Despite its promise, location in social media is not well understood or well documented. Although proponents of research using social media have pointed to the geolocation information provided by many platforms, such as Twitter, as a means of pinpointing the exact location of users , others have cautioned that location information may be underspecified and that location “based on user-identified location or the time zone” could be of questionable quality . The exact Global Positioning System (GPS) coordinates available in some social media platforms could help mitigate this risk because they are direct measures and more difficult to misrepresent. However, unless GPS use is widespread, this does not address the problem of underspecification. Until research is conducted to assess location availability, usability, and the limitations of this data, health practitioners may have limited capacity to observe time- and place-based interventions for determining risks or health conditions.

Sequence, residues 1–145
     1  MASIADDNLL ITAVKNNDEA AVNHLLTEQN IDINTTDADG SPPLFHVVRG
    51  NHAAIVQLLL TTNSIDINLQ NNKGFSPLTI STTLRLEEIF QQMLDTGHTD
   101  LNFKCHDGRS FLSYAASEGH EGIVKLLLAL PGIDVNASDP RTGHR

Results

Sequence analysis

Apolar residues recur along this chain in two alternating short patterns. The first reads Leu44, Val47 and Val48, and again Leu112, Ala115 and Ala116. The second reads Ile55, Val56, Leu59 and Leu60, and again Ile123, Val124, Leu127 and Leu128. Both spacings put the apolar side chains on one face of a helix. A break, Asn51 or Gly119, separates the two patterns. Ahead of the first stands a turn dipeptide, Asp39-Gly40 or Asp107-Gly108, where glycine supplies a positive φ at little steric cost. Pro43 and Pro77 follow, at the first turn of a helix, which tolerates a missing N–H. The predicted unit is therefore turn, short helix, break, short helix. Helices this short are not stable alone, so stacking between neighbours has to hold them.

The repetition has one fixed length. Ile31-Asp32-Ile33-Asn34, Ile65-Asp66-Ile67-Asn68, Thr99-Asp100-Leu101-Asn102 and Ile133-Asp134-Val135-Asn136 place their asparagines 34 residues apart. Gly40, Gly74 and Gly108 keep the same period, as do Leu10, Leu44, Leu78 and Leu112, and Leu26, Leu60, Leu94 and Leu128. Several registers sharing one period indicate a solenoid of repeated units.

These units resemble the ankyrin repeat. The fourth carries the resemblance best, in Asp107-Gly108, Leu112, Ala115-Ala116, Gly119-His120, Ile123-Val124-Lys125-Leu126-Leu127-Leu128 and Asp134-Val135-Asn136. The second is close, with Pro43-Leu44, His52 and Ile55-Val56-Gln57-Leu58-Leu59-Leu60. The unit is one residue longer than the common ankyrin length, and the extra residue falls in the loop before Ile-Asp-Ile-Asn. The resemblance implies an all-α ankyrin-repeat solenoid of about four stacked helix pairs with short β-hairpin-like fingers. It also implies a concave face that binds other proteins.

The objective of this study is to fill this gap in our understanding of location information in social media, especially as it relates to Twitter. The major contribution of this work is to present the different types of location that can be ascertained from Twitter users and to document the prevalence of each type in an attempt at informing future infoveillance, infodemiology, and health communication research of the availability, usability, and limitations of such location data.